By J.A. Giresi
We all know that the air in some parts of the country (and world) is very polluted, but just how polluted? Well, that was the question posed by the New England Journal of Medicine. It turns out that our air, even in areas where levels are deemed “healthy,” can be bad. What’s worse is that the quality of the air can be a cause of premature death for the elderly, those with respiratory ailments such as asthma, or young people.
The study’s data used satellite, meteorological and other sources of extensive data that was taken from over 3,800 monitoring stations managed by the EPA, and researchers surveyed daily air pollution levels nationwide. This study, conducted over a period of seven years, recorded close to 22.5 million deaths. That’s staggering!
More so, the researchers found that when it came to warmer weather, the output of ozone was linked to a 1.1 increase. According to an article published in The New York Times, the average tolerance of 12 is thought to be safe. When we say “12,” we are referring to “micrograms per cubic meter in particles smaller than 2.5 microns, or PM 2.5.” The average PM 2.5 in the study period went from 6.25 to 15.65. In the warmer seasons, ozone concentrations ranged from 36.27 to 55.86— and a level of 70 is thought to be a safe zone. A recent study done by New York City showed the danger that the air could impose to cyclists who could be incurring lung damage as they are riding or even walking. In fact, the study went so far to add that the health benefits of cycling or walking could be cancelled out by the quality of the air.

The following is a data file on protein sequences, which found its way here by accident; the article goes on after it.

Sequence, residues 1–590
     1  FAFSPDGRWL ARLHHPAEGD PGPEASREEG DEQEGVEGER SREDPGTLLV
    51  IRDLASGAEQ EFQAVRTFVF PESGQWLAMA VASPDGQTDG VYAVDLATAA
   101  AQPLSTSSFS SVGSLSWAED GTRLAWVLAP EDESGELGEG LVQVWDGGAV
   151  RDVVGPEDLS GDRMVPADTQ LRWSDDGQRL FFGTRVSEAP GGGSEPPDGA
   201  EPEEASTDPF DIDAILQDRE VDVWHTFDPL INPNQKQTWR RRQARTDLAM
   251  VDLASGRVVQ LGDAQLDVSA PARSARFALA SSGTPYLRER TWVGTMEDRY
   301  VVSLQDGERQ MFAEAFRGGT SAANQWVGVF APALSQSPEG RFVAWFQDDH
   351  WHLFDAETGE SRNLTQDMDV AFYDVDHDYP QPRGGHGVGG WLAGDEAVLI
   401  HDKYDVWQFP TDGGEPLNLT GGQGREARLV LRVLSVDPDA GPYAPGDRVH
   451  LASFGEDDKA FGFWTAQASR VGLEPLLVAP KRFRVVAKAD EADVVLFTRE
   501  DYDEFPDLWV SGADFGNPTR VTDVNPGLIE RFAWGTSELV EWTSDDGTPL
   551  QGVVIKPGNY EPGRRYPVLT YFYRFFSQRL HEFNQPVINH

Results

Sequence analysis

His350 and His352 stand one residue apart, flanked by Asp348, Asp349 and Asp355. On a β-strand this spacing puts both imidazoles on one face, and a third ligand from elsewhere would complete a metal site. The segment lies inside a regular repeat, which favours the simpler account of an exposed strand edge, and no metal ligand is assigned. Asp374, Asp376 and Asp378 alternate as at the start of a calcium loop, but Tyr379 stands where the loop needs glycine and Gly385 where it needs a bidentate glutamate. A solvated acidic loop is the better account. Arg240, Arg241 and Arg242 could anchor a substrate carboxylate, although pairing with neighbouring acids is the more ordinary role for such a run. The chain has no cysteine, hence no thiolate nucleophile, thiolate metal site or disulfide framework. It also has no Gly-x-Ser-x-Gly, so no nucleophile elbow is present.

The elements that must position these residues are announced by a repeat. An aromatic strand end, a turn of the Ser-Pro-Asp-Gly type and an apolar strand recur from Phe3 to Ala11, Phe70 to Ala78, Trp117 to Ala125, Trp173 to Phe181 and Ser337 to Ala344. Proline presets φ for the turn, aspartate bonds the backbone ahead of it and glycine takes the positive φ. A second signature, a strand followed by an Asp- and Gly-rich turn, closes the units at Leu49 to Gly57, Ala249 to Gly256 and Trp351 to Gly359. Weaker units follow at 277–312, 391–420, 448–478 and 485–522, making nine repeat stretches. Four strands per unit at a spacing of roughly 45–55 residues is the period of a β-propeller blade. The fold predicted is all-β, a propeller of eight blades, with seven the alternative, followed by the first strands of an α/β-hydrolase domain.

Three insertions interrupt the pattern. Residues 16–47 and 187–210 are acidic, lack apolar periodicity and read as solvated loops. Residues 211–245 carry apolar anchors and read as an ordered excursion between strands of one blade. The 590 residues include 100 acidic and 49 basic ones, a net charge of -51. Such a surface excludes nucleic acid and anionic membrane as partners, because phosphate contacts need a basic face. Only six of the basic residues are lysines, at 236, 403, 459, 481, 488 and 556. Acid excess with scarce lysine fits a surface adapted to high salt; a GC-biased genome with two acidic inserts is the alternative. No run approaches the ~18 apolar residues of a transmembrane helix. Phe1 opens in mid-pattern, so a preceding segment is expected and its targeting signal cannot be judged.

The bottom line is this— we need to do something to get our air pollution under control. Air pollution is thought to be one of the main causes of premature death in our country and throughout the world. Francesca Dominici, a professor of biostatistics at the Harvard T.H. Chan School of Public Health, told the New York Times that, “…. when you have a large study that shows the current level of air pollution is toxic – I hope that’s something we can do something about.” Dr. Dominici is also one of the authors of the current study.
Can air pollution negate the health benefits of cycling and walking? http://ift.tt/1rwek5l
New England Journal of Medicine. Air Pollution and Mortality in the Medicare Population. http://ift.tt/2uYGHfw
The New York Times. Tuesday, July 18, 201. http://ift.tt/2vivKIl
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